Drone wings look to nature to avoid mid-air crashes

Written by: Caroline Hayes | Published:
Comparison of bird wing with robotic wings. Research by Stanford University has created flapping drone wings modelled on nature's anti-collision mechanisms.

Researchers at Stanford University examined the wings of birds and bats to create a mechanism that could allow future flying robots to squeeze between obstacles, such as branches of a tree, and to fully recover after accidental hard impacts.

They studied how pigeons and swallows can morph their wings until they are tucked close into their body, allowing them to pass through gaps. They created one of the first mechanisms in which the morphing of the wing was completely passive, requiring no actuation to fold or unfold, making the wing much lighter and more reliable.

The robotic wing was made using carbon fibre and Mylar film. Similar to a bird wing, each of the two robotic wings had a wrist joint, custom built using a 3D printer.

The pin joint connected the arm wing and the hand wing. The arm wing attached to the body of the robot at the shoulder joint, which initiated the flapping. The complete wing set had a wingspan of 400mm and a length (chord) of 80mm.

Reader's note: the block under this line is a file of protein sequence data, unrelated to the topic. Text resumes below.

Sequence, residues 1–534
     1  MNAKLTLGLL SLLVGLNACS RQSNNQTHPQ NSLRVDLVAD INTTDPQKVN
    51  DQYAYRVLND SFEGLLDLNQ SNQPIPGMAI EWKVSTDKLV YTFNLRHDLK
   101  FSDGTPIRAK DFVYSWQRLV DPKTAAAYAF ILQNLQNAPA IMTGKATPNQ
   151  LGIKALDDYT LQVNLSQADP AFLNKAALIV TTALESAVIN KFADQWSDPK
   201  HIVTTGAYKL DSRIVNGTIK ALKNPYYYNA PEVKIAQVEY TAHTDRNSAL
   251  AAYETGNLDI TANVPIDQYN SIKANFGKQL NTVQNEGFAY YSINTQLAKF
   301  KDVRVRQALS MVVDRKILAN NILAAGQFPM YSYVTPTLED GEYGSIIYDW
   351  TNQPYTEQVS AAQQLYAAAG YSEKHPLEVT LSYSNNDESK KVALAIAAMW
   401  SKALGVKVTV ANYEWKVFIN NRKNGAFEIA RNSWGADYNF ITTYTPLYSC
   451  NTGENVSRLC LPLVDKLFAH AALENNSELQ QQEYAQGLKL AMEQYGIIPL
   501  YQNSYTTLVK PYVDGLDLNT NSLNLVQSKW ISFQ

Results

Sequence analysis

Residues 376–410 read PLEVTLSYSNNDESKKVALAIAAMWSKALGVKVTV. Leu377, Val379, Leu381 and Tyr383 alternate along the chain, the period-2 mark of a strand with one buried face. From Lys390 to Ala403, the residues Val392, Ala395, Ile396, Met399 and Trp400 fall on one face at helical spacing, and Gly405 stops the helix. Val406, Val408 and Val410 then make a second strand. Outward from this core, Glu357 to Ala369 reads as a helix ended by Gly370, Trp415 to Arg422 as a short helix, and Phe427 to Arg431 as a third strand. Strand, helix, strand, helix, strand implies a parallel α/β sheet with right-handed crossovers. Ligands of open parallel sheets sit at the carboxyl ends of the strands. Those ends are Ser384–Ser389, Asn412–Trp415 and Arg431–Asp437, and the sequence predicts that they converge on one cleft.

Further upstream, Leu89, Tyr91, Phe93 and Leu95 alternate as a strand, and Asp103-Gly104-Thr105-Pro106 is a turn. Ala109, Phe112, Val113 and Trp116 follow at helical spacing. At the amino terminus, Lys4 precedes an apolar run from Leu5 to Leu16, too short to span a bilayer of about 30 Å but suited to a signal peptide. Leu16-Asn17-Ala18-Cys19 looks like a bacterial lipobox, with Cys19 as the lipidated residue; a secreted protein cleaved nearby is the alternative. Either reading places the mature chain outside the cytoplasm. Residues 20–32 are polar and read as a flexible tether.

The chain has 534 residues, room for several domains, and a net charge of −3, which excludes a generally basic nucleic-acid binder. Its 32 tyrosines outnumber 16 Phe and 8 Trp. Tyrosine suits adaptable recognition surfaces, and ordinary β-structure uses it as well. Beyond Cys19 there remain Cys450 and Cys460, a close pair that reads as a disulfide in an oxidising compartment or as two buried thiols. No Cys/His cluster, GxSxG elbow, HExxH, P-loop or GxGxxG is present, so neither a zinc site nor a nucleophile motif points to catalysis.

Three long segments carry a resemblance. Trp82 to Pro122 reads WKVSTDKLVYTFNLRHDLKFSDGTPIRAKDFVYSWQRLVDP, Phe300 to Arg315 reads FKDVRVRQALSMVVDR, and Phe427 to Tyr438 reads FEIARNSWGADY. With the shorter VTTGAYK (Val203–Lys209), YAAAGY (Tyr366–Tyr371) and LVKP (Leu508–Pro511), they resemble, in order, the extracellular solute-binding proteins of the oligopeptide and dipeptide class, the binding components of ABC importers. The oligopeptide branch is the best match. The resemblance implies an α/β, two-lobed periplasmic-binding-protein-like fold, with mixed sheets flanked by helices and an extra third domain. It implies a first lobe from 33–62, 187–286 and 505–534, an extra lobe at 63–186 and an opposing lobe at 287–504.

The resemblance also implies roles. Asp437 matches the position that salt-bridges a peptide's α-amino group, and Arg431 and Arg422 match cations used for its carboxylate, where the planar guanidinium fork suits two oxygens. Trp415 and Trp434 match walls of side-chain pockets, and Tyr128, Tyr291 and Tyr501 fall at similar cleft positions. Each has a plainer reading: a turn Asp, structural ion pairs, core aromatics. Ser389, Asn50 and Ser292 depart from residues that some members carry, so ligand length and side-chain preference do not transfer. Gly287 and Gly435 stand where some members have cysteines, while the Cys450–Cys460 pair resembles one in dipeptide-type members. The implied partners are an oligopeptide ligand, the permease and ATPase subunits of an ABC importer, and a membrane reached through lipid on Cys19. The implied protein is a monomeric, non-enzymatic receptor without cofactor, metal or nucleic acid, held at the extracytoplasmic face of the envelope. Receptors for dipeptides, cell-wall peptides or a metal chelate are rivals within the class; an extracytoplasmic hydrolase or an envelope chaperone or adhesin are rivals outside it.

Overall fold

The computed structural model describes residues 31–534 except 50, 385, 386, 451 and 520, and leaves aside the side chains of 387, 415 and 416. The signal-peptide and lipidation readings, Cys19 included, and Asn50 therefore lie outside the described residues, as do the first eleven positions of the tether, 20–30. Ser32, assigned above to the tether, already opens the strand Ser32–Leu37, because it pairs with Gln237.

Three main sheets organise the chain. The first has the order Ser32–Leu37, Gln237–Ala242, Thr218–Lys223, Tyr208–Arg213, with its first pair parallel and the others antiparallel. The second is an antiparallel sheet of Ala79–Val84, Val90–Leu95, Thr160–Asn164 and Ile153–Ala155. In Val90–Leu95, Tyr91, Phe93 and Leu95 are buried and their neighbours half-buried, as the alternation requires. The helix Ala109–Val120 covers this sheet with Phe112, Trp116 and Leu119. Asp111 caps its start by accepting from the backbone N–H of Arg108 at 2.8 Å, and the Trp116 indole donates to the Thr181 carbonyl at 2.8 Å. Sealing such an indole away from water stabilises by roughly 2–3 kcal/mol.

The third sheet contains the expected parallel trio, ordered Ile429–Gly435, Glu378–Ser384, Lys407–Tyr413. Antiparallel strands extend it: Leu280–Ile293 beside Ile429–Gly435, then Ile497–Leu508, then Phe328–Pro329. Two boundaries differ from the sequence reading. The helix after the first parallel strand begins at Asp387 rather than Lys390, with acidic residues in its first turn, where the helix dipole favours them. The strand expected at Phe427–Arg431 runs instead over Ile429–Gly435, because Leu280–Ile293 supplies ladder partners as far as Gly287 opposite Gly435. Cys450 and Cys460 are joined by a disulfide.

The wrist joint of the wing was hinged so, as the rest of the wing flapped, the hand could freely fold and unfold over the arm without any actuation.

Theoretical, numerical and physical simulations on the robotic wing successfully demonstrated that when the wing flapped, the folded hand wing was able to unfold back to the full wingspan configuration passively.

Co-author of the study, Dr David Lentink said: "Both the math and simulations worked out, showing that both tiny and big flapping wings can all morph passively within a wing beat. We were surprised it worked so well."

The hinged wrist joint also allowed the robotic wing to temporarily morph its hand when it came into hard contact with a rigid object. The researchers used a 7mm steel rod which allowed the robotic wing to comply with the object at impact and, after impact, the flapping motion caused the wing to automatically re-extend, similar to the way the flexible feathers of a bird allow for impact with obstacles without affecting the structural integrity of the wing.

Lead author, Amanda Stowers, hit the robot wing hard with a stick to see how well it could handle hard impact and noted: "the flapping wing can resist impact with minimal added weight and without any computer intelligence or power".

"This finding will greatly help make flapping winged drones much more robust. This is essential if we ever want to safely fly through a forest or land in a tree like a bird. The Office of Naval Research wanted us to find solutions to enable drones to fly in such cluttered environments, and this is a promising step forward."

Folding in and out: passive morphing in flapping wings is published today in Bioinspiration Biomimetics.

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